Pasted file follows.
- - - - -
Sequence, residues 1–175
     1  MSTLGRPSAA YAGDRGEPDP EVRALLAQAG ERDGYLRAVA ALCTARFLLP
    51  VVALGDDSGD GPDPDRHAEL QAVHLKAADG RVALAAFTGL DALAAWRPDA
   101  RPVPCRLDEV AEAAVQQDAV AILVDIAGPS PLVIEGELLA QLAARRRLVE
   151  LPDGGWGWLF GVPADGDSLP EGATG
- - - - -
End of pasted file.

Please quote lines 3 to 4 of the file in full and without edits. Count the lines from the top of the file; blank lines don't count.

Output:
    51  VVALGDDSGD GPDPDRHAEL QAVHLKAADG RVALAAFTGL DALAAWRPDA
   101  RPVPCRLDEV AEAAVQQDAV AILVDIAGPS PLVIEGELLA QLAARRRLVE